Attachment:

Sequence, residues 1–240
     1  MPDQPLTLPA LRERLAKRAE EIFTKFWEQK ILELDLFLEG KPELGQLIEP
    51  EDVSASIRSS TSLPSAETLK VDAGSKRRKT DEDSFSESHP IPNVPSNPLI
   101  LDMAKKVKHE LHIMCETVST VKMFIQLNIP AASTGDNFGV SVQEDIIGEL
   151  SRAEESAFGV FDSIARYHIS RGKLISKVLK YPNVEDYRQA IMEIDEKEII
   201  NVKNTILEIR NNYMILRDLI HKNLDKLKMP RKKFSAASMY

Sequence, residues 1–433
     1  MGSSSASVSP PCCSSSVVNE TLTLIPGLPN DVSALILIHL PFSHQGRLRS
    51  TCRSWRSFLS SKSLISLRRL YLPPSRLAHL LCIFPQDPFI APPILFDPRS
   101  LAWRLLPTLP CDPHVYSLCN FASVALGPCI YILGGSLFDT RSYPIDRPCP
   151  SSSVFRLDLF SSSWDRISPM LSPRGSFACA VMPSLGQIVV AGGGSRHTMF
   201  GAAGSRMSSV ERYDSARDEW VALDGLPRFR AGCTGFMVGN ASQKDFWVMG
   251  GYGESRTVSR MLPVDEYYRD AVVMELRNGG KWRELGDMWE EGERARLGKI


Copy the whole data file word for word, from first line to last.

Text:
Sequence, residues 1–240
     1  MPDQPLTLPA LRERLAKRAE EIFTKFWEQK ILELDLFLEG KPELGQLIEP
    51  EDVSASIRSS TSLPSAETLK VDAGSKRRKT DEDSFSESHP IPNVPSNPLI
   101  LDMAKKVKHE LHIMCETVST VKMFIQLNIP AASTGDNFGV SVQEDIIGEL
   151  SRAEESAFGV FDSIARYHIS RGKLISKVLK YPNVEDYRQA IMEIDEKEII
   201  NVKNTILEIR NNYMILRDLI HKNLDKLKMP RKKFSAASMY

Sequence, residues 1–433
     1  MGSSSASVSP PCCSSSVVNE TLTLIPGLPN DVSALILIHL PFSHQGRLRS
    51  TCRSWRSFLS SKSLISLRRL YLPPSRLAHL LCIFPQDPFI APPILFDPRS
   101  LAWRLLPTLP CDPHVYSLCN FASVALGPCI YILGGSLFDT RSYPIDRPCP
   151  SSSVFRLDLF SSSWDRISPM LSPRGSFACA VMPSLGQIVV AGGGSRHTMF
   201  GAAGSRMSSV ERYDSARDEW VALDGLPRFR AGCTGFMVGN ASQKDFWVMG
   251  GYGESRTVSR MLPVDEYYRD AVVMELRNGG KWRELGDMWE EGERARLGKI